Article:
Thicker Than Water

Tamara Zwyck changed her name to Samantha when the Millers adopted her at age six. She was tired of being a foster child and was eager for a new life and a new identity with her new mother and father. A lively brunette with dark eyes, a broad smile and a boyish haircut, she started to fuss with her hair and loved going through her adoptive mothers custom jewelry boxes. She liked school and joined the Sunday school and youth choir of her parents’ Methodist Church.

Bill and Barbara Miller were a childless couple in their early forties when Samantha came into their life. They values were old-fashioned and they were quiet, orderly people. They always seemed to be looking out for Samantha’s welfare and development, and seemed to be a very happy little family.

Samantha’s old foster mother kept in touch with the Millers, but the State social workers soon withdrew from Samantha’s case, since everything about this adoption seemed to go exceptionally smoothly.

Last summer I saw Barbara Miller for a routine visit, and she looked tired and sad.

“It’s Sam”, she said. “She’s rebelling against everything we say, and I’m afraid we’re losing her.” Samantha was almost sixteen then, and I hadn’t seen her for about a year.

“She’s skipping school and I think she’s doing drugs,” Barbara added. We talked about her options.

It wasn’t long before I got the first Emergency Room report on Samantha. Then there was a records release soon after she turned sixteen. She was in a shelter, and they needed her medical information.

When I saw Bill Miller a short while later, he told me Samantha was back with them, but still fighting them about their house rules and expectations. He told me Sam had been in contact with a biological aunt in the same town.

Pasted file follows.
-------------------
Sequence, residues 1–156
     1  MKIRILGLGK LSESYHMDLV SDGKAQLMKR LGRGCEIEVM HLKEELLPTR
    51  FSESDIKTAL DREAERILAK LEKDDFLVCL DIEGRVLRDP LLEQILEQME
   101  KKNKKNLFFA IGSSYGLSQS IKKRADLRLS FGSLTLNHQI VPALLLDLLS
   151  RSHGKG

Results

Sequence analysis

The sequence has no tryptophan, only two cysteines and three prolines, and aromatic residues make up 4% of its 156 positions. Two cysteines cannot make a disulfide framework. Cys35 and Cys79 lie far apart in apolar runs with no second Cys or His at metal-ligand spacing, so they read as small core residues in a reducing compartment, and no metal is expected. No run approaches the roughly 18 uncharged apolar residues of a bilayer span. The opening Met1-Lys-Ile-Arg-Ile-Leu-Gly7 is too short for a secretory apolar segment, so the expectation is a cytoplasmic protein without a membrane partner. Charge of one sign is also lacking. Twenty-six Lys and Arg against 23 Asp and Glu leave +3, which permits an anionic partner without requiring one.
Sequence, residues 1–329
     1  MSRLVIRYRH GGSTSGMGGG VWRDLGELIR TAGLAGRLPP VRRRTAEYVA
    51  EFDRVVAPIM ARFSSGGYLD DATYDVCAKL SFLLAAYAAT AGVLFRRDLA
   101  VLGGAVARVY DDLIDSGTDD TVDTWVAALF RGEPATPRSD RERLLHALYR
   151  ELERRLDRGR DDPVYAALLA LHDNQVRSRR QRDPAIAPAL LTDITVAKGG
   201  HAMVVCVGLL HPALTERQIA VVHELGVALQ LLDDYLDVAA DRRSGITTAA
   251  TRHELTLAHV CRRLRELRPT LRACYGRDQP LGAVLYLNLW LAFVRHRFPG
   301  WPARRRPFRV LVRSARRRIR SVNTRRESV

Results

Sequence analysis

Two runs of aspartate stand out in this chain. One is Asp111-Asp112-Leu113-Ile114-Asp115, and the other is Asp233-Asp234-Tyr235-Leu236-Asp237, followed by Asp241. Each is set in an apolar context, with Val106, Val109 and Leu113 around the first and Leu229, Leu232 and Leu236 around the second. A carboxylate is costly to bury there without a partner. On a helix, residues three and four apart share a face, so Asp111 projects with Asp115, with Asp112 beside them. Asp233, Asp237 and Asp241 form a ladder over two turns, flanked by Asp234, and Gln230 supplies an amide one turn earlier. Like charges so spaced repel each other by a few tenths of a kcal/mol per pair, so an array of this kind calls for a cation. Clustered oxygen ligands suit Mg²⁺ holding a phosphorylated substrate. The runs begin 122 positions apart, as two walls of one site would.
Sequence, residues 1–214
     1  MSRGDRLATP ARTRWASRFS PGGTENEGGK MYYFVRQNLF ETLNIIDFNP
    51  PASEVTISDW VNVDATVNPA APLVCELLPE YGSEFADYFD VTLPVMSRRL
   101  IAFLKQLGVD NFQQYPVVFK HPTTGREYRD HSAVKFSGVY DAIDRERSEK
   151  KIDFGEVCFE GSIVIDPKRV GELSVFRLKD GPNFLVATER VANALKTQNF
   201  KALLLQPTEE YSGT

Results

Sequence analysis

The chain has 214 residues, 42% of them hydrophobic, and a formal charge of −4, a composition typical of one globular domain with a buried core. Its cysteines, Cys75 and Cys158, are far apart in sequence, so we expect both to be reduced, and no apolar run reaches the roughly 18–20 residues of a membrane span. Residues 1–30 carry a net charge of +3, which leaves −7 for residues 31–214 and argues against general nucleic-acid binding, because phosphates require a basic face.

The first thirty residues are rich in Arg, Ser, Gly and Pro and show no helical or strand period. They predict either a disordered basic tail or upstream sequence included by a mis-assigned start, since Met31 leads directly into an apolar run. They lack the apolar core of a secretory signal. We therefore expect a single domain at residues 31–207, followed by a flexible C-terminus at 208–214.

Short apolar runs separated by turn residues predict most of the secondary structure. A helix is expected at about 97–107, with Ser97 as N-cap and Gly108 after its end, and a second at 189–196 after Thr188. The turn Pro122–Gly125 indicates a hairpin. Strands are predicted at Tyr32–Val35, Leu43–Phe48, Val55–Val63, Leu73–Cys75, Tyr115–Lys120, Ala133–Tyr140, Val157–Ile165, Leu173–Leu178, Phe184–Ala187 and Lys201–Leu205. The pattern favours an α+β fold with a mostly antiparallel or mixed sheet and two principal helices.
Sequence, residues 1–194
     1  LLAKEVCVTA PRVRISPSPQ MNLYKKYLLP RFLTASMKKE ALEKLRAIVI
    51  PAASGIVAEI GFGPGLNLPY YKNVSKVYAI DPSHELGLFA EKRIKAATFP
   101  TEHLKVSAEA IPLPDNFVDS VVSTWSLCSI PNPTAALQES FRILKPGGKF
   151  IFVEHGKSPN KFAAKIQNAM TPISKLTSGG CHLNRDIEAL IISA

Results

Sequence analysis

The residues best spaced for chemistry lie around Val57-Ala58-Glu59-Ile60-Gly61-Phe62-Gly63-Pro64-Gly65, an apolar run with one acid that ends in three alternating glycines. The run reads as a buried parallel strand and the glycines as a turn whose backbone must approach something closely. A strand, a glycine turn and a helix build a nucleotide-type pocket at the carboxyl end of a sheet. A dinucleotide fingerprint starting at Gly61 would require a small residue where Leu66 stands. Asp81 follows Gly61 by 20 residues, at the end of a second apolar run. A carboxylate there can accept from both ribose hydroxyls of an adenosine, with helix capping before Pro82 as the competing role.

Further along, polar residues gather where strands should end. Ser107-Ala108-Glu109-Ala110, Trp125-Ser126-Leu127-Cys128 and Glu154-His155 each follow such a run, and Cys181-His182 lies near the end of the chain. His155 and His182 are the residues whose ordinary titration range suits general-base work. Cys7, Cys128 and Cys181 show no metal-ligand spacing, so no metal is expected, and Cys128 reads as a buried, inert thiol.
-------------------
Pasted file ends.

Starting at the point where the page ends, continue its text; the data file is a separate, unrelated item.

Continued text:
“Sam is playing her aunt against us,” he said, “and her aunt is telling her that if Sam goes to live with her, she will have the freedom to smoke, go out with boys, and anything else she wants.”

“She is saying things like we’re not her real family, and we don’t respect her for who she really is. We love her so much and we don’t want to lose her, but we don’t want to condone what we think is wrong just out of fear that she will run away again.”

I could literally feel his desperation. In our state you cannot prevent a sixteen year old from running away and living with someone else.

“I think all you can do is tell her you love her and explain what you want for her,” I started. “You can’t threaten her, because the law gives you no options to control her, and you know threats don’t work anyway.”

Bill’s blood pressure was too high and we started him on a new medication. He came back for a recheck a month later and told me Samantha had left the Millers to live with her aunt.

“She’s the only daughter we’ll ever have,” he said somberly, adding, “I never wanted to believe that blood is thicker than water.”

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Osler said “Listen to your patient, he is telling you the diagnosis”. Duvefelt says “Listen to your patient, he is telling you what kind of doctor he needs you to be”.



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